She was on her knees, her calico dress sleeves, patched and darned, but absolutely clean, rolled back, uncovering a pair of plump, strong arms, a saucer of tacks before her, and a tack hammer with a claw head in her hand. She was taking up the carpet. Grace Van Horne, Captain Eben Hammond’s ward, who had called to see if there was anything she might do to help, was removing towels, tablecloths, and the like from the drawers in a tall “high-boy,” folding them and placing them in an old and battered trunk. The pair had been discussing the subject which all Trumet had discussed for three weeks, namely, the “calling” to the pastorate of the “Regular” church of the Rev. John Ellery, the young divinity student, who was to take the place of old Parson Langley, minister in the parish for over thirty years. Discussion in the village had now reached a critical point, for the Reverend John was expected by almost any coach. In those days, the days of the late fifties, the railroad down the Cape extended only as far as Sandwich; passengers made the rest of their journey by stage. Many came direct from the city by the packet, the little schooner, but Mr. Ellery had written that he should probably come on the coach.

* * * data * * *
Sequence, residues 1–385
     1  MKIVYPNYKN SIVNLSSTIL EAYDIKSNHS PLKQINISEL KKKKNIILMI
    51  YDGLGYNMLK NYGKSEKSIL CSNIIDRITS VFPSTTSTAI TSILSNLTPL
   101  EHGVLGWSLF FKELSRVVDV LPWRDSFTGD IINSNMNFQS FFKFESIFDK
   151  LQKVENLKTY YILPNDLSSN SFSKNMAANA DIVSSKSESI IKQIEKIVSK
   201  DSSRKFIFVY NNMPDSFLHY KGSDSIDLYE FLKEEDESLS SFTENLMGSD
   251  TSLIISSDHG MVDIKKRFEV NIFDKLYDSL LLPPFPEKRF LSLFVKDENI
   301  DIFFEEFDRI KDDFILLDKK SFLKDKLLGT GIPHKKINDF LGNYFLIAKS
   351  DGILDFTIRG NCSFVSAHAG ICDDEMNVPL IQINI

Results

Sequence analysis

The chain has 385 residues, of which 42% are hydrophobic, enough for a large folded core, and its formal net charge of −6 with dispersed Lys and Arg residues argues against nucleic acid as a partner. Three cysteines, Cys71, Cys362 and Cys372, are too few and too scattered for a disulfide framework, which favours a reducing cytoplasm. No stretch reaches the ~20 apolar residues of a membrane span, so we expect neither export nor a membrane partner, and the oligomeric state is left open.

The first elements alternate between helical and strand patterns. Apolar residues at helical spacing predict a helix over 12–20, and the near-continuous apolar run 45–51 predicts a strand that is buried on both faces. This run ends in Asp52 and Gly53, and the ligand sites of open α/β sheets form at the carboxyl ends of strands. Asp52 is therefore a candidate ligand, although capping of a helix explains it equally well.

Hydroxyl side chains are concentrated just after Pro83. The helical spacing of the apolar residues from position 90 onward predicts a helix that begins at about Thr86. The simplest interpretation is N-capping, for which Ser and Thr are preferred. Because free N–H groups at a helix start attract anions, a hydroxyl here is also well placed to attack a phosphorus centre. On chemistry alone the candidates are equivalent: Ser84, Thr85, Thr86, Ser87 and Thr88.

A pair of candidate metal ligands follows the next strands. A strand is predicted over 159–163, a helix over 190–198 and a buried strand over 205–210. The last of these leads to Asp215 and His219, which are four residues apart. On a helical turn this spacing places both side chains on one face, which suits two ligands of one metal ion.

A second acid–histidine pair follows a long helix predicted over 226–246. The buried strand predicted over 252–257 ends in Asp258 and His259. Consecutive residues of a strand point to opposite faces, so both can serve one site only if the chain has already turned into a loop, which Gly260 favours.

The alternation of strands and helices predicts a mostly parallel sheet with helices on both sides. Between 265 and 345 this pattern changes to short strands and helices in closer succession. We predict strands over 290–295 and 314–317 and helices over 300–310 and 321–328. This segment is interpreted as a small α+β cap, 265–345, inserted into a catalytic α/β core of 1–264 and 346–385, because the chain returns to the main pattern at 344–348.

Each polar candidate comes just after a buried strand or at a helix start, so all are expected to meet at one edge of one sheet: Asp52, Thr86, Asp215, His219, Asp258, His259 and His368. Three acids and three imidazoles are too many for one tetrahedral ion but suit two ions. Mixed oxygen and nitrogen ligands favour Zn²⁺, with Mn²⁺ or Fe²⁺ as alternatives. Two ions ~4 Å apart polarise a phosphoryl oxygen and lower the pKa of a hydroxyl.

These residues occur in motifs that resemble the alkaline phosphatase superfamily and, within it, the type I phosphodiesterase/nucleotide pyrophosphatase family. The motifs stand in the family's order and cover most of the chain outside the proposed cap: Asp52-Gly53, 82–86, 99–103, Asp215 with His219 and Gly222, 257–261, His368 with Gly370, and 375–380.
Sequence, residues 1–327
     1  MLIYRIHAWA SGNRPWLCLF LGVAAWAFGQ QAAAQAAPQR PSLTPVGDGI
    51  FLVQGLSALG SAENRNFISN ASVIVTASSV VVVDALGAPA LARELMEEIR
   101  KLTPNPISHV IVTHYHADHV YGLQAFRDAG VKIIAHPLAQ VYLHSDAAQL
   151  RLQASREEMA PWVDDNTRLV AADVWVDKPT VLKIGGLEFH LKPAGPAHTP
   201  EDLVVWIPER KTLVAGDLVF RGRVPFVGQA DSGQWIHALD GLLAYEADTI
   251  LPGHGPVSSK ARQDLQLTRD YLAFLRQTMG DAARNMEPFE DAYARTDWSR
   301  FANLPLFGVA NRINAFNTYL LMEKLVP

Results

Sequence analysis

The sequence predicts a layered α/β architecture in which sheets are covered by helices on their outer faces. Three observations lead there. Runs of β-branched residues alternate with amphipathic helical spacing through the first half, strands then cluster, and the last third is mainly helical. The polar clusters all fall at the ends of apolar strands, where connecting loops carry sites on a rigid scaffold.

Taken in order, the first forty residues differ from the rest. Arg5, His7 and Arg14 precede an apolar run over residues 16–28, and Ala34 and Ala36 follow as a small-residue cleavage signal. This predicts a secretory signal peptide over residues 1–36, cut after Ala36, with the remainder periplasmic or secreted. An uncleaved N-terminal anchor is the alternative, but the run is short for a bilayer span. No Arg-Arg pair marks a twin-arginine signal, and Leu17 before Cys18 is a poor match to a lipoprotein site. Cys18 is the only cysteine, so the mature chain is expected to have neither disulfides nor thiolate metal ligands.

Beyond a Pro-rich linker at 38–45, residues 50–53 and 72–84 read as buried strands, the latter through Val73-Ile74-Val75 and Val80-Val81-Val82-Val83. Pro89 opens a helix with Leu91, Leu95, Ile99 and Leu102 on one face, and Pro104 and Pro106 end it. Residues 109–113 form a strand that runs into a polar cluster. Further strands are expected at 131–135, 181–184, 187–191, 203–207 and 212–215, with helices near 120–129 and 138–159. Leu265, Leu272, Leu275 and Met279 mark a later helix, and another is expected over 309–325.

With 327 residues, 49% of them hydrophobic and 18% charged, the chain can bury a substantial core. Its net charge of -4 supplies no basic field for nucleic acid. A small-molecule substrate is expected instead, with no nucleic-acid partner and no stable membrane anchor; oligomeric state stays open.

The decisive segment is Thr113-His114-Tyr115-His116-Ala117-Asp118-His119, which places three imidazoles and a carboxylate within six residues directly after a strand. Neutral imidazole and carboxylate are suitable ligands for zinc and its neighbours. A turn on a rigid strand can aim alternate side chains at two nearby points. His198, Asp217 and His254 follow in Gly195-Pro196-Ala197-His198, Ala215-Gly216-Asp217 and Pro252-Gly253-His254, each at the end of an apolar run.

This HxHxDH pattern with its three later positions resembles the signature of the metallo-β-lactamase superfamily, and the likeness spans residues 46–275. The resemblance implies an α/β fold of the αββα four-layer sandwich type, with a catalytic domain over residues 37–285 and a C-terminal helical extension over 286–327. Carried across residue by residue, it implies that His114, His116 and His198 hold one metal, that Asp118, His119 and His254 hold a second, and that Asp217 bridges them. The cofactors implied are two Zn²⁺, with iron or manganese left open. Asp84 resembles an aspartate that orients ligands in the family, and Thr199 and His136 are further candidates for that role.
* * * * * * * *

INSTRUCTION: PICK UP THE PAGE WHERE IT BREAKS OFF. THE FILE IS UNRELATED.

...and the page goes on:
“They say he’s very nice-looking,” remarked Miss Van Horne soberly, but with a mischievous glance under her dark lashes at Keziah. The lady addressed paused long enough to transfer several tacks from the floor to the saucer, and then made answer.
“Humph!” she observed. “A good many years ago I saw a theater show up to Boston. Don’t be shocked; those circumstances we hear so much tell of—the kind you can’t control—have kept me from goin’ to theaters much, even if I wanted to. But I did see this entertainment, and a fool one ‘twas, too, all singin’ instead of talkin’—op’ra, I believe they called it. Well, as I started to say, one of the leadin’ folks in it was the Old Harry himself, and he was pretty good-lookin’.”
Grace laughed, even though she had been somewhat shocked.
“Why, Aunt Keziah!” she exclaimed—those who knew Keziah Coffin best usually called her aunt, though real nephews and nieces she had none—“why, Aunt Keziah! What do you mean by comparing the—the person you just mentioned with a minister!”
“Oh, I wasn’t comparin’ ’em; I’ll leave that for you Come-Outers to do. Drat this carpet! Seems’s if I never saw such long tacks; I do believe whoever put ’em down drove ’em clean through the center of the earth and let the Chinymen clinch ’em on t’other side. I haul up a chunk of the cellar floor with every one. Ah, hum!” with a sigh, “I cal’late they ain’t any more anxious to leave home than I am. But, far’s the minister’s concerned, didn’t I hear of your Uncle Eben sayin’ in prayer meetin’ only a fortni’t or so ago that all hands who wa’n’t Come-Outers were own children to Satan? Mr. Ellery must take after his father some. Surprisin’, ain’t it, what a family the old critter’s got.”